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    Connecticut Tag

    Legal Insurrection readers will recall the California legislature's attempt to create a special government fund as a "charity" for taxpayer donations to mitigate the loss of state and local tax (SALT) deductions in the recently passed GOP tax plans. The politicians must have realized the approach was full of fail, so now leaders of several blue states are planning a lawsuit to block the entire overhaul package. California may join in.

    When President Trump signed the tax bill into law, Democrats, particularly in blue states with high state income taxes, wailed.  The Nation declared the new tax law "a deliberate attack on blue states," and New York governor Andrew Cuomo called it an "attack only on blue states" and "economic civil war." Among the attacks they perceive is the new law's $10,000 maximum for all state and local deductions.  Oddly, the left is howling because this is, as Vox points out, "effectively raising taxes on wealthy people." Setting aside the fact that taxing the rich has been the leftist mantra for decades and became particularly shrill during the Obama administration, blue states are now actively looking for ways to get around this and other measures in the new tax law.

    Civil forfeiture remains a controversial issue in America since it's "a process by which the government can take and sell your property without ever convicting, or even charging, you with a crime." The procedures are civil, which means defendants do not receive the same protections given to criminal defendants. Connecticut has put an end to this procedure when the legislature passed a law that bans civil forfeiture without a criminal conviction.

    Connecticut governor Dannel Malloy (D) is facing a situation that may make him reconsider his position on taxing the wealthy.  Aetna insurance company, based in Hartford since 1853, is looking for a new state to call home, a state that is more business-friendly in terms of taxation. Having lost GE to Boston last year due to the massive tax load piled on businesses, Malloy is desperate to keep Aetna in Connecticut, but it may be too little, too late. The Wall Street Journal reports:

    Connecticut Governor Dannel Malloy did the unthinkable for a Democrat: He admitted taxing the rich does not work. The state has witnessed "two high-end tax hikes in the past six years." So the wealthy in Connecticut have done what any sane person would choose to do: LEAVE. Now the state faces a $2.2 billion deficit as income state revenue continues to collapse. WTNH reported:
    It’s happening because the state of Connecticut depends too much on its wealthy residents, and wealthy residents are leaving, and the ones that are staying are making less, or are not taking their profits from the stock market until they see what happens in Washington.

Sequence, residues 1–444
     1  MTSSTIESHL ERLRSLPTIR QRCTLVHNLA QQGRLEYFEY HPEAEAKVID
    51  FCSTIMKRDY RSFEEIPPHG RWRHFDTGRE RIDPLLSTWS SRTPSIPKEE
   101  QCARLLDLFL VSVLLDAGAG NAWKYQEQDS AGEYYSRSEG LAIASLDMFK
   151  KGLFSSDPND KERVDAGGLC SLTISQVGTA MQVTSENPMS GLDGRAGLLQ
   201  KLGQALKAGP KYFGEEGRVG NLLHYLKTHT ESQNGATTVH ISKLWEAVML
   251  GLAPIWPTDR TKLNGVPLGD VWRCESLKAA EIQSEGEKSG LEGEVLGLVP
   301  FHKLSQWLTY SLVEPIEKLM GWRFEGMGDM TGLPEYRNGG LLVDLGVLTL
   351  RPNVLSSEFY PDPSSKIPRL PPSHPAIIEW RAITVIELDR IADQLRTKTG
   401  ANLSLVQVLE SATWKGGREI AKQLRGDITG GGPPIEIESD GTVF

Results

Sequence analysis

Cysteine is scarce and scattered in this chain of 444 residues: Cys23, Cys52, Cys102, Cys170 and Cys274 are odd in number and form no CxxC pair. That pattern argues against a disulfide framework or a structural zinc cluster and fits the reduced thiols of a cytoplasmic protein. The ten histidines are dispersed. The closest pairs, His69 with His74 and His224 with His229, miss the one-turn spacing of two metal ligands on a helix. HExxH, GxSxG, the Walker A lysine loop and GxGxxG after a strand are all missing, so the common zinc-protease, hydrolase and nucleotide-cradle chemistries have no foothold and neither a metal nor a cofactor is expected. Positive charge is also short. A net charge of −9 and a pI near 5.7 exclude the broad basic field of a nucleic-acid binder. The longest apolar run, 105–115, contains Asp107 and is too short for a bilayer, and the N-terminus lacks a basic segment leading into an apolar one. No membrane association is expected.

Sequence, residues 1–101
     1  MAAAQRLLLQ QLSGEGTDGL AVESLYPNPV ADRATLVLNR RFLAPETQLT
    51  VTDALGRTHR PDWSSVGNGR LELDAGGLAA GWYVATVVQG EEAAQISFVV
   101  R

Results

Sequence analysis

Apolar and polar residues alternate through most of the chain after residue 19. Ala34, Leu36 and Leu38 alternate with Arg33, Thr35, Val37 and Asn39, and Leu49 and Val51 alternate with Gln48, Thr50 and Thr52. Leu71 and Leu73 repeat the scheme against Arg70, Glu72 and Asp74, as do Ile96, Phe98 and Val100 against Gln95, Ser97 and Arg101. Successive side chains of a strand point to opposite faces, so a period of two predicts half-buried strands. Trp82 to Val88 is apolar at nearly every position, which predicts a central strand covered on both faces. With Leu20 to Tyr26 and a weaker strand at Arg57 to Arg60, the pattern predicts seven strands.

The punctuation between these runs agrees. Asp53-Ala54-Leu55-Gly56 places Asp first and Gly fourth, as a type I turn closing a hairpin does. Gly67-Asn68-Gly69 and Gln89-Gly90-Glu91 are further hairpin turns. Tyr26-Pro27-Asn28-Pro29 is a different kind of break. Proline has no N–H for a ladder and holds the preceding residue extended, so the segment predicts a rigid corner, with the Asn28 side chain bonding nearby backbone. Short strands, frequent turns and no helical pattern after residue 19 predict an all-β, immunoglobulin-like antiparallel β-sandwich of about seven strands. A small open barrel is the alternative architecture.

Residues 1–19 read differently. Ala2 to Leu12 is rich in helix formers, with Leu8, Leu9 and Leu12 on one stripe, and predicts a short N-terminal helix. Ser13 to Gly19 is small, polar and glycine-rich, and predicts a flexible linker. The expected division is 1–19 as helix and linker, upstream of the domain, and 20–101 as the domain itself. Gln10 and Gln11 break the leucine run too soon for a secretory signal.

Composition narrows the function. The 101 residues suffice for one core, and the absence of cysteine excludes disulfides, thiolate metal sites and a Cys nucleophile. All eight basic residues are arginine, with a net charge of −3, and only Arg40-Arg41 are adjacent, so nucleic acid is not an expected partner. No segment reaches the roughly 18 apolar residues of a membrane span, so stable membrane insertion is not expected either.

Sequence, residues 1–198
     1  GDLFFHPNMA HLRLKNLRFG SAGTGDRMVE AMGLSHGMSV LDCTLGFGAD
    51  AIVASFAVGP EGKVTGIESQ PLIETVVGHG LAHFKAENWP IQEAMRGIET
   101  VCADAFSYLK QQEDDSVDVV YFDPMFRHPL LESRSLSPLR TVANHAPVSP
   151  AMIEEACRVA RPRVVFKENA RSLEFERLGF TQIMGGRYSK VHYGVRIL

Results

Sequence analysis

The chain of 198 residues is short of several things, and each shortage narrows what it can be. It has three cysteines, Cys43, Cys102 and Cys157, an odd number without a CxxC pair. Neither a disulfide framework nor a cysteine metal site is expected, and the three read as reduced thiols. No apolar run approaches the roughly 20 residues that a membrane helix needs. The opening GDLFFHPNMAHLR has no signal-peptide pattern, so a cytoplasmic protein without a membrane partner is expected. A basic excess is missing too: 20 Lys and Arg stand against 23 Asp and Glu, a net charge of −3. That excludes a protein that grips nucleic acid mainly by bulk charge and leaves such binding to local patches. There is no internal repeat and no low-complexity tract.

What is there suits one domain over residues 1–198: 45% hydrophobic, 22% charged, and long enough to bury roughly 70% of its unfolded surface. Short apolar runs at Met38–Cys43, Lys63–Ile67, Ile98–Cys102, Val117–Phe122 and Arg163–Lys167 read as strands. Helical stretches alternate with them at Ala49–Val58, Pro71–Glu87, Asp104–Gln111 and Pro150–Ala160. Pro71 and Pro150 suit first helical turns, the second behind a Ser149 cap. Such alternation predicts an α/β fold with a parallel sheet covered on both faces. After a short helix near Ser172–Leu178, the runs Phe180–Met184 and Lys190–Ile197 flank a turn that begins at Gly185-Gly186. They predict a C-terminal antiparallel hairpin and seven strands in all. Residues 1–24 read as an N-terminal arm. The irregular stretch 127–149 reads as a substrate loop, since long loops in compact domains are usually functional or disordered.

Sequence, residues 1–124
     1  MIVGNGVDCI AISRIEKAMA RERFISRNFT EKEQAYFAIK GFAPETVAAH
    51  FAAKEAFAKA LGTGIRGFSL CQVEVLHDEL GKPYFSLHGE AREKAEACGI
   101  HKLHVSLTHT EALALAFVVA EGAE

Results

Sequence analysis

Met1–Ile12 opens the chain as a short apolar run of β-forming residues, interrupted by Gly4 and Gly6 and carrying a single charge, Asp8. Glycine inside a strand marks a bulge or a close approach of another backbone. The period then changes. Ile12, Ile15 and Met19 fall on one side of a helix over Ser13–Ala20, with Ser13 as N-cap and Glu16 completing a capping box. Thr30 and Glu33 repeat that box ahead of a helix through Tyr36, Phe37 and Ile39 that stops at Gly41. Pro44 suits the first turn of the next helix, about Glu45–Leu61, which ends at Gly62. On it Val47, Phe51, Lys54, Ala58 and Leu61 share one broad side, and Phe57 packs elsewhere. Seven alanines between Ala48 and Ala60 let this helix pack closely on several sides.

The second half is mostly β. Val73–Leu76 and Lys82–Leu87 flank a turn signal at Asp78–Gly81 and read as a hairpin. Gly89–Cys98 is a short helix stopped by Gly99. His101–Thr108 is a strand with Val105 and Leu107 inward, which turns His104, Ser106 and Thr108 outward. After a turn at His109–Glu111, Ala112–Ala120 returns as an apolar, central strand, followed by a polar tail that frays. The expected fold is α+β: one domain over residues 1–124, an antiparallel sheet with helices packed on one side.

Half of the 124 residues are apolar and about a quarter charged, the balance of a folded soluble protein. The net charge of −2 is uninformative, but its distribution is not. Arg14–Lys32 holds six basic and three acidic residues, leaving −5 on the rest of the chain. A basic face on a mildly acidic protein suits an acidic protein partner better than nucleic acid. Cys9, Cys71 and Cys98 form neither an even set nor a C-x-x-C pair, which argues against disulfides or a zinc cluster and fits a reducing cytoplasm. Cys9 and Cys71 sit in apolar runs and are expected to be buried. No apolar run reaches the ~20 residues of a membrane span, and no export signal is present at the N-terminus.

In 2012, the families of the Sandy Hook victims sued Remington Arms for selling a perfectly legal weapon in a perfectly legal way.  The lawsuit argued that the sale of the a weapon that has "no reasonable civilian purpose" made Remington responsible for wrongful death.  On Friday, a Connecticut judge dismissed the Sandy Hook families' suit against Remington Arms. Reuters reports:
    A Connecticut judge on Friday dismissed a lawsuit filed by the families of some of the 26 young children and adults killed at the Sandy Hook Elementary school in 2012, saying the maker of the rifle used in the attack had "broad immunity" under federal law. The lawsuit, filed in December 2014 and seeking unspecified financial damages, said the AR-15 military-syle assault weapon used in the attack in Newtown, Connecticut, should never have been sold to the gunman's mother, Nancy Lanza, because it had no reasonable civilian purpose.

    Advocacy group Student Matters filed a federal lawsuit in Connecticut to make education a constitutional right due to the state's restriction on magnet, charter schools, and school choice programs. It alleges the state's limited school choice for parents force "thousands of low-income and minority students to attend low-performing schools." The group insists now is the time for the federal courts to recognize education as a fundamental right:
    “The fundamental principles of equality in our country demand that every child have a chance to get an education, to learn and to have that platform to succeed,” said Theodore J. Boutrous Jr., an attorney for the plaintiffs.
    The Washington Post reported:
    An advocacy group best known for using the courts to challenge California’s teacher tenure laws has now taken its legal strategy to Connecticut, where it has sued state officials over “anti-opportunity” laws that restrict the growth of magnet and charter schools and that limit inner-city students’ ability to transfer to more affluent suburban school districts.